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Meet Alkis Nicolaides

Today we’d like to introduce you to Alkis Nicolaides.

Alkis, let’s start with your story. We’d love to hear how you got started and how the journey has been so far.
My mom was always convinced that I was going to become an artist. She saw me imitate people on the TV, perform comedy routines in family gatherings, and give toy-guitar concerts to an imaginary audience on top of the washing machine. I can now proudly say that my mom, just like 93.7% of all moms, was right! I ended becoming a musician.

I am a guitarist, improviser, composer, and educator. I was born in Nicosia, Cyprus (an island in the Mediterranean Sea) which is where I formed my first connections with music.

Funnily, my relationship with music was not always the best. It was my least favorite subject in elementary school because choir rehearsals were always during recess. My teacher was also nagging me into taking after school music lessons because she believed in my potential. The teacher’s continuous efforts paid off and I started guitar lessons at the age of eleven. Following that, music became a passion and priority in my life.

At sixteen I started electric guitar, Jazz-theory, and ear training lessons with my first mentor Yiannos Savides. This period of my life was extremely fruitful in terms of allowing me to explore different musical avenues and build a strong technical and theoretical foundation. These lessons with Yiannos played a critical role in my decision to pursue a career in music. Following my two-year army service, I traveled to the USA and enrolled at Berklee College of Music where I received a B.Mus. in Jazz Composition in 2014. There I studied with amazing artists like Ayn Inserto, Greg Hopkins, Bob Pilkington, Scott Free, Ed Tomassi, and George Garzone. Following my degree, I worked as a freelance artist and in 2016 I moved to Los Angeles to pursue an MFA degree at California Institute of the Arts (CalArts).

My time at CalArts is something that I will cherish forever. CalArts is an extremely special place that does things in its own way and has made a significant contribution to my growth as a person and artist. While in California, I have performed in venues such as the Blue Whale, Troubadour, The World Stage, The Mint, Coaxial Arts Foundation, and Art Share with musicians and ensembles such as the legendary Bennie Maupin, prolific woodwind extraordinaire Vinny Golia, experimental black-doom metal band Blood Oath, rock group ACKLAND, experimental electroacoustic trio Petrichor, and the high energy quartet SCAM.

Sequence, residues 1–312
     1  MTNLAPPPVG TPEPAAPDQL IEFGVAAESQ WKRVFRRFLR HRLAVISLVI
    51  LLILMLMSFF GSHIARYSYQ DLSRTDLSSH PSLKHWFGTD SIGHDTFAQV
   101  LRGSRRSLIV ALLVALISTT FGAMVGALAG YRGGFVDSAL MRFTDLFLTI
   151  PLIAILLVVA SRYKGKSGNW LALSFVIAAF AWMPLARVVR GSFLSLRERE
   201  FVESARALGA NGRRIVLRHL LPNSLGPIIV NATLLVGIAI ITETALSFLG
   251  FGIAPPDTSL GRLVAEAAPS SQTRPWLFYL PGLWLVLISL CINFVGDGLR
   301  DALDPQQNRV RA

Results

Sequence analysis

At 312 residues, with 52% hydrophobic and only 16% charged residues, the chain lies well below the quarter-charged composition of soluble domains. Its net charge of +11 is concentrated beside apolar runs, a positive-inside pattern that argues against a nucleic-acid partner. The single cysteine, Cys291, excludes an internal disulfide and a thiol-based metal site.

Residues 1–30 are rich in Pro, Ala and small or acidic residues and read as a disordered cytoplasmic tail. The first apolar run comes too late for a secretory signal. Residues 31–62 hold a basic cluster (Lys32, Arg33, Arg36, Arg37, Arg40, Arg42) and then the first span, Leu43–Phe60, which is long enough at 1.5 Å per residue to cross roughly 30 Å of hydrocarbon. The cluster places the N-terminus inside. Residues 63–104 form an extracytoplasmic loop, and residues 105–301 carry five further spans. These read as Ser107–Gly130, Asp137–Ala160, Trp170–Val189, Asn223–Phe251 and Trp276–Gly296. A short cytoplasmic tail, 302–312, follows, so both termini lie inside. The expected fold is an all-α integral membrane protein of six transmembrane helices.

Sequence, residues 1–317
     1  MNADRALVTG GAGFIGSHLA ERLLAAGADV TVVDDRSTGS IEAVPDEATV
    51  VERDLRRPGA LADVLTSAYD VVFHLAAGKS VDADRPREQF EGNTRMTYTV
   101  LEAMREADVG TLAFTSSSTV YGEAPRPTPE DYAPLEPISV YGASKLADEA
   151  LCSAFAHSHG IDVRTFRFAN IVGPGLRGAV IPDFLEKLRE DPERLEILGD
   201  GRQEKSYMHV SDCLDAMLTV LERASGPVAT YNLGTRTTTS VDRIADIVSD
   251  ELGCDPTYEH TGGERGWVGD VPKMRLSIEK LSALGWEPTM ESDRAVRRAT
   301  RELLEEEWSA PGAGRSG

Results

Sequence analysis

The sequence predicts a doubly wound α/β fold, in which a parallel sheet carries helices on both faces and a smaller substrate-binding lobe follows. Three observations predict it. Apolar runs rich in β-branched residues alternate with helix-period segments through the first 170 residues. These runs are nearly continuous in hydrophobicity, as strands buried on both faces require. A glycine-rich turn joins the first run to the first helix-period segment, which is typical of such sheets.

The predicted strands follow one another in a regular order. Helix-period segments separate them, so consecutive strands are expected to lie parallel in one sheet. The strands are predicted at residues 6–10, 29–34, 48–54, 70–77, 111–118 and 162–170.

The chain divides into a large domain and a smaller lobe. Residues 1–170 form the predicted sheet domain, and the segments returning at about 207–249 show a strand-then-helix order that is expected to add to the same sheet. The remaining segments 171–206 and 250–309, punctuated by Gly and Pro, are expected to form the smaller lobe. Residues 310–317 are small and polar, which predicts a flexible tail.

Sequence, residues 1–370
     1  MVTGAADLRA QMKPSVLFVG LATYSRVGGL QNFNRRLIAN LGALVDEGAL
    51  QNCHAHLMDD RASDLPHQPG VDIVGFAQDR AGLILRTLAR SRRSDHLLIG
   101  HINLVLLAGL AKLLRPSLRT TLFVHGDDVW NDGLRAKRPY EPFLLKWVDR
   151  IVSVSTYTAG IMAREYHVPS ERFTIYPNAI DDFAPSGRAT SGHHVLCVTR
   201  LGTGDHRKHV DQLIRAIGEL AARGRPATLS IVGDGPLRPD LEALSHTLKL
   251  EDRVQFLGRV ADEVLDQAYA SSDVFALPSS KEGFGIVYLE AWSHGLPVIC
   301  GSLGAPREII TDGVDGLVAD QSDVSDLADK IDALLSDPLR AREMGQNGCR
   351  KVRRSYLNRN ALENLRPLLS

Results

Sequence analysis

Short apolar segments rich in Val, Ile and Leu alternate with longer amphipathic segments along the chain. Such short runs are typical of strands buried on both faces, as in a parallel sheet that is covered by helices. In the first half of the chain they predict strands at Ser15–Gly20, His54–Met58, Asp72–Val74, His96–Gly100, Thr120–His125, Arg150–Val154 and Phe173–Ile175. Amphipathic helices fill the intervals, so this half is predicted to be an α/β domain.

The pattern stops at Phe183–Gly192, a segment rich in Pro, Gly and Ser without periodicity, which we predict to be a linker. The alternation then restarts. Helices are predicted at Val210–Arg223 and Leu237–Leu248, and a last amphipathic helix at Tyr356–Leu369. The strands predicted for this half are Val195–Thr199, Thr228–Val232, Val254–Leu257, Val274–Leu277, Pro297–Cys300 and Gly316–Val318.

I loved the environment at CalArts so much that I decided to pursue my doctorate degree there, where I also teach core curriculum and private lessons in performance and composition.

Overall, has it been relatively smooth? If not, what were some of the struggles along the way?
To be honest, it has mostly been a smooth road. I am extremely fortunate to have a caring and supportive family, loving friends, and inspiring teachers/mentors that have helped through my journey in life. The obstacles and challenges that I have faced, and in some ways still facing, are on an artistic level. The pressure that I put on myself to keep growing as a musician and to continuously produce work, that I perceive as unique and of high quality, can be exhausting at times, but it also acts as a catalyst for my progress.

Can you give our readers some background on your music?
I am a guitarist, improviser, composer, and educator. My music focuses on high-intensity improvisational environments with rhythmic considerations and the integration of technology. My work is a blend of jazz, contemporary classical, experimental music, metal, and rock. With the use of technology, I like to explore the textural possibilities of the guitar and human-computer interactivity. Currently, I am developing an interactive instrument that is inspired by the idea of how to surpass perceived human limitations.

Working on the music for my most recent recital has been an absolute pleasure. I challenged myself to compose for instrumentation that I am not familiar with as well as to create a coherent continuous musical experience. The elements that I tried to tie together in a unified music experience are Regular and Baritone Electric Guitar, Alto Saxophone, Chamber Orchestra comprised of a string section, a brass section, two percussionists, Live Electronics, and not one, but two microwaves.

I was very satisfied with the result and you can check it out using this link:

I am currently working on some new exciting battle-metal-jazz music for a metal-jazz quartet comprised of Clint Dodson on Drumset, Miller Wrenn on E.Bass, Tom Alvie Wilson on the Roland Aerophone, and myself on E.Guitar.

What is “success” or “successful” for you?
I love this question. I think about this a lot since it’s a topic that I often discuss with my parents and colleagues. Usually, people expect to hear an answer that involves career and financial stability themes but for me, success is when I am at a state of continuous learning growth. I want to always have something that I can work towards. Being in a University environment allows me to have easy access to this kind of state, but the real test will be once I graduate from the doctorate program. Will I be able to access that headspace? I can’t be sure. The only thing I know is that and I am willing to do anything in my power to never stop growing.

Contact Info:

Image Credit:
Rafael Hernandez, Kyriakos Xristodoulides, Zeynep Yeldan

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